Married Life – dir. Ira Sachs – 2007 – USA/Canada
I don’t remember Married Life coming out in March. I know it did, as I remember it starred one of my old faithfuls, Patricia Clarkson, and that actress who looks like a number of other actresses donning hideous white blonde hair (Rachel McAdams). But I don’t even remembered whether Sony Pictures Classics released it wide or limited, and whatever they did, they sure didn’t get my attention sparked. Fortunately, on a whim, I watched it and was pleasantly surprised. Unlike the all-too-familiar relationship foursome melodrama (Closer, We Don’t Live Here Any More, Carnal Knowledge, you know them well), it turned out to be a quiet little film noir.
What separates Married Life from your neo-noirs and noir throwbacks like Bound or L.A. Confidential, respectively, is that it isn’t concerned with the stylistic notions of the genre. Certainly, it takes place during the 1940s, the heyday of the noir, but it’s shot in blistering, shadowless color. In fact, it takes about twenty or so minutes into the film for you to forgive Pierce Brosnan’s narration and realize, “oh, that’s why he’s doing a voice over.” Once bored businessman Harry Allen (Chris Cooper) decides that he’s going to kill his loving wife Pat (Clarkson) to spare her the grief of leaving her for a younger woman (McAdams), Married Life really picks up.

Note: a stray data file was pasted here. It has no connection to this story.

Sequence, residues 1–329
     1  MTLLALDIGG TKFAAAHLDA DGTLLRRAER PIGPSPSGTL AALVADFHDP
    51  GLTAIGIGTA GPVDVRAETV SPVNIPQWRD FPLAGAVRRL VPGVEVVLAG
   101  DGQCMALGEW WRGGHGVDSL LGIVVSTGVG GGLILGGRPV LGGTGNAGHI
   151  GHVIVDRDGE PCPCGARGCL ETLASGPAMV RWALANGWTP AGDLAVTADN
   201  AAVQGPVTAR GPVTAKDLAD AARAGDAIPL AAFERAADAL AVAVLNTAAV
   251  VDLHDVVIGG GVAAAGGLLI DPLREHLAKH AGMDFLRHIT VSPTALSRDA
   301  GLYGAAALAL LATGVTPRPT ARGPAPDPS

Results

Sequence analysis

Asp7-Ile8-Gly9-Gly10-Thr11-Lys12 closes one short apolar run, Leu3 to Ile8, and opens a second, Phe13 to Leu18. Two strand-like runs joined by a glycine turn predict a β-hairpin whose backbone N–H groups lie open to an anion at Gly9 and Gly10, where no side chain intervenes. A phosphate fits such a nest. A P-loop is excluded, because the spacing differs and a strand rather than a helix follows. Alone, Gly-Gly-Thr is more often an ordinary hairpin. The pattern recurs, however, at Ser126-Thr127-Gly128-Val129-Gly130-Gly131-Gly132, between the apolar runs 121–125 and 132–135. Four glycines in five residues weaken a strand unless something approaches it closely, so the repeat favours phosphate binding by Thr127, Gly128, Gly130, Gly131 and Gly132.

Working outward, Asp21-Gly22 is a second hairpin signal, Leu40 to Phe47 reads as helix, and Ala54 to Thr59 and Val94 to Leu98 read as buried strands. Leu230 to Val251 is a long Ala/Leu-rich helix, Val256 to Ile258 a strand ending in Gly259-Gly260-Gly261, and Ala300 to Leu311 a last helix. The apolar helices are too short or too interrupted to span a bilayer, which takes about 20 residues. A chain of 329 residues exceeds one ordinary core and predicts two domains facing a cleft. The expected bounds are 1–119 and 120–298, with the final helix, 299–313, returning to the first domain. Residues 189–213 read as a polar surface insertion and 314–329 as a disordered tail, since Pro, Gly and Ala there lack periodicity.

Ira Sachs, whose previous Forty Shades of Blue was a snooze, really keeps things interesting in making Cooper, Brosnan and Clarkson just a little bit naughty. They’re not cunning or particularly clever in their murder attempts or affairs; only McAdams is salvaged of the gray morals as the angelical naïve girl thrown into the mix. In fact, Cooper is probably one of the lousiest attempted murderers I’ve ever seen onscreen. However, the three seem to all be decent individuals in extraordinary circumstances, a major component of the film noir genre.
Married Life is probably more akin to Sachs’ first film, The Delta, a slowburn menace of a film about a teenage boy of questionable sexuality and his run-in with a Vietnamese boy on the Mississippi Delta. The strange thing about Married Life, which works beautifully and which Roger Ebert noticed as well, is that no one shouts at one another; there is nary a moment of explosion, and this is what makes Married Life so lovely. Ultimately, Sachs doesn’t fill all his glasses to the top, but it’s still a rich surprise of a film, separate from both the intimate relationship melodramas and neo-noirs we’re all-too-used to.